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In situ determination of stresses in mountainous topography.
Hooker-VE; Bickel-DL; Aggson-JR
NTIS: PB 211 928, 1972; :1-19
Stress relief measurements were made at three underground test sites associated with the Henderson Project, American Metal Climax, located in the rugged, mountainous region between Loveland Pass and Berthoud Pass on the continental divide in Colorado. Sufficient data were obtained to determine the three-dimensional stress ellipsoid for each site. The measurements were made at hole depths greater than one diameter of the mined opening; thus, calculated stresses are representative of premining in situ conditions. The vertical components of stress are in good agreement with overburden depth including the influence of mountain topography. Horizontal components of stress substantially increase with depth. These components are believed to be influenced by stresses presumably of tectonic origin. The largest measured principal stress was 5,900 psi at a depth of 3,708 feet. The predominant orientation of maximum principal stress for the determinations at greatest depth is in the nw-se quadrants. The work upon which this report is based was done under a cooperative agreement between the Bureau of Mines, U.S. Department of the Interior, and American Metal Climax, Inc., Henderson Project.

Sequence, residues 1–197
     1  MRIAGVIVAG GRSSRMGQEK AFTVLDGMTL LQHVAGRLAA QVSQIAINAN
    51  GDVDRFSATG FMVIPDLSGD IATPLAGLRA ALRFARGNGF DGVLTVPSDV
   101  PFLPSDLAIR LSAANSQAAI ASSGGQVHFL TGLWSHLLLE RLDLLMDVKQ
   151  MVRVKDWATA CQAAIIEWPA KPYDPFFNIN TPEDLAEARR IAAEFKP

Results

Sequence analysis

Mining-industry; Measurement-equipment; In-situ-mining; Underground-mining; Geology; Rock-mechanics
IH; Report of Investigations
NTIS Accession No.
NTIS: PB 211 928
Page last reviewed: September 2, 2020
Content source: National Institute for Occupational Safety and Health Education and Information Division